Pradhan Mis Mantri Krishi Sinchayee Yojana is a national scheme that aims to achieve convergence of investments in irrigation at the field level, expand cultivable areas under assured irrigation, improve on-farm water use efficiency to reduce wastage of water, and encourage the adoption of precision-irrigation and other water-saving technologies.
District Agricultural Contingency Plans, which aim to manage serious weather events as sustainable for implementing sustainable agriculture production system in preparation for these events. India also encourages post-harvest processing through various incentives.
To achieve the national goal of eco-security, India’s National Forest Policy 2018 also mentions that India should have at least one-third of its total land area under forest and tree cover.
- Briefly outline how disadvantaged areas such as uplands are treated within agriculture.
The National Agricultural Innovation Project aims to promote sustainable rural livelihood for people living in disadvantaged areas through technology-led innovation systems covering the following broad areas:
- Livestock and poultry.
- Natural resource management.
- Farm mechanization and value addition.
Other income-generating activities, such as mushroom cultivation.
This project also promotes:
Integrated farming system models, including an integrated rice-fish-poultry farming system (in Tamil Nadu) and a rice-fish-vegetable system (in Assam).
The m-Krishi Fisheries Advisory Service is a mobile application tool for enhanced fish catch with reduced time and fuel.
Shifting (jhum) agriculture (in northeast India).
The use of upland fallows for the cultivation of maize (in the Baster region).
The Ministry of Agriculture’s Department of Agriculture and Co-operation and Farmers’ Welfare has also implemented various development schemes to alleviate farmers’ poverty and improve the production and price of various agricultural products.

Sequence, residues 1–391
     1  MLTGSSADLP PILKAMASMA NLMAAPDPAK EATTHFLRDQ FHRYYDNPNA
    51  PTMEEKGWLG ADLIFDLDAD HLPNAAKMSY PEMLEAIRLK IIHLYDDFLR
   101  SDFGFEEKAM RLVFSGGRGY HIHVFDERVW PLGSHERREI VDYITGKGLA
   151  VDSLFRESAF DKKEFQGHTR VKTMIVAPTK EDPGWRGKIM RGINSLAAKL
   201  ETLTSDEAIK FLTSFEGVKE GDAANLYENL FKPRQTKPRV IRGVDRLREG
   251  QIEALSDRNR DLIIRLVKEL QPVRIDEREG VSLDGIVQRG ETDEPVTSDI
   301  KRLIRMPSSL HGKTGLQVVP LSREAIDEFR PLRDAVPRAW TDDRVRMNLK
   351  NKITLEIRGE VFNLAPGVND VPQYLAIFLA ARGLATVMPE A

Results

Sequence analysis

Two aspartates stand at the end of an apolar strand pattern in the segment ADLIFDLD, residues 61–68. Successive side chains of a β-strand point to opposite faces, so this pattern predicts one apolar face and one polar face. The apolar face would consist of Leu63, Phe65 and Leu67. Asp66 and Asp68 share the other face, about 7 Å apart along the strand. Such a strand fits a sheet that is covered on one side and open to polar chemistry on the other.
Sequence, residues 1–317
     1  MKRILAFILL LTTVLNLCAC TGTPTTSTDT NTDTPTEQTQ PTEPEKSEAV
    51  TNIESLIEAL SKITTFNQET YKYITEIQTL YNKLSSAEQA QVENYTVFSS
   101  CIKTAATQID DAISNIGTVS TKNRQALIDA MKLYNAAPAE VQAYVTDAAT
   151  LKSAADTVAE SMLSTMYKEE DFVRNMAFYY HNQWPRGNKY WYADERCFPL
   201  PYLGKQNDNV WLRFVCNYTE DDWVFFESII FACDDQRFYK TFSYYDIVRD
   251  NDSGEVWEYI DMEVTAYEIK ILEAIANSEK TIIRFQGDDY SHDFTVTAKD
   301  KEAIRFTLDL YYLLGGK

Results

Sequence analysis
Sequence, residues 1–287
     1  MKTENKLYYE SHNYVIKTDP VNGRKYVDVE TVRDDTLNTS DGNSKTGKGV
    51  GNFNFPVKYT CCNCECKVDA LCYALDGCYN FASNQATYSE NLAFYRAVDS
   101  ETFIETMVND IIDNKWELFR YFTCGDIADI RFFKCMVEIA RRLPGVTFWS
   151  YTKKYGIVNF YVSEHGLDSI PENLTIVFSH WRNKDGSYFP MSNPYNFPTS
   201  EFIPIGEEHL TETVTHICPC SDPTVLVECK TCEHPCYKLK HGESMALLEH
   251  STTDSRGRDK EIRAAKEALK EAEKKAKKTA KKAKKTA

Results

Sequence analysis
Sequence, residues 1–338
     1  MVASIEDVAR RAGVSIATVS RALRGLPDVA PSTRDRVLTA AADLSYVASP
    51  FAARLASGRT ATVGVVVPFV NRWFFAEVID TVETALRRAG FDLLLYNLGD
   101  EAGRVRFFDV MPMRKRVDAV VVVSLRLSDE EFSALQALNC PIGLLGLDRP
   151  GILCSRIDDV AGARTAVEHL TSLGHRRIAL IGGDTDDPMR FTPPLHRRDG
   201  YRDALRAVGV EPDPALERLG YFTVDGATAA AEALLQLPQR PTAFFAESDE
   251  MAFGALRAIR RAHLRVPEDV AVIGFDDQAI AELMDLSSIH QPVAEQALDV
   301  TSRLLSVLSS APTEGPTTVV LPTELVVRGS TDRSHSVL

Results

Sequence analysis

- Is agriculture governed at the national and local levels? Briefly outline any regional framework and variations if applicable.
The Constitution of India defines the powers of the central and state governments. Agriculture is governed at the state level. Therefore, each state can draft its agricultural policy. However, as agriculture is of national significance, the central government assists in the development and implementation of these policies. The central government’s Ministry of Agriculture and Farmers’ Welfare provides broad guidelines for agricultural policies.
The state governments are responsible for the implementation and administration of their policies through their departments for agriculture. Agencies of the central government directly administer central schemes and state government agencies administer state schemes. The state governments also adopt state-specific legislation (for example, on contract farming).
Strengths and opportunities
With the passing of the bills, the Union government has intended to liberalize farming with the short-term goal of doubling their current average monthly income. The government aspires to deregulate the sector and offer farmers the freedom of choice to sell their produce without restraint.
The bills will empower farmers through greater market access and expanded opportunities for commercial outcomes. By eliminating the APMC monopoly, the bills do away with the long-standing challenge of middlemen. The bills could also lead to an open market, enabling improved price discovery, supply chain efficiencies, and dynamic market linkages.
The liberalization of the market will introduce corporate and private investments in the industry. These investments can strengthen infrastructure, improve tools and modernize the sector. The open-market structure also allows the farmers to sell their produce online, an important change in an increasingly digital universe.
The increase in competition can potentially work to increase prices for farmers who are currently at the mercy of middlemen. In addition to these benefits, the availability of contract farming provides farmers with price assurance instead of subjecting them to market uncertainty. There is also the possibility of firms providing farmers with input material as a part of contracts, thereby reducing input costs.
By amending the Essential Commodities Act, 1995, the government does away with stockpiling restrictions on several commodities. In doing so, the government intends to stabilize prices by driving supply chain efficiencies through access to stock. For more information regarding farming policies and regulations please visit Pritish Kumar Halder
These bills have the potential to create a similar impact as the New Economic Policy of 1991. This, however, is dependent on several independent actors and their motives.